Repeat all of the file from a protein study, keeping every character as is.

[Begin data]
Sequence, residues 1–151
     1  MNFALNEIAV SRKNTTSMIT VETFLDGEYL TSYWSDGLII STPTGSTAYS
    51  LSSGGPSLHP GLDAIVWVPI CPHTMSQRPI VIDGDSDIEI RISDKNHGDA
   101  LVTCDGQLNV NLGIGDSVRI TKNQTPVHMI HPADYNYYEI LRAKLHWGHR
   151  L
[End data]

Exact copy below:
Sequence, residues 1–151
     1  MNFALNEIAV SRKNTTSMIT VETFLDGEYL TSYWSDGLII STPTGSTAYS
    51  LSSGGPSLHP GLDAIVWVPI CPHTMSQRPI VIDGDSDIEI RISDKNHGDA
   101  LVTCDGQLNV NLGIGDSVRI TKNQTPVHMI HPADYNYYEI LRAKLHWGHR
   151  L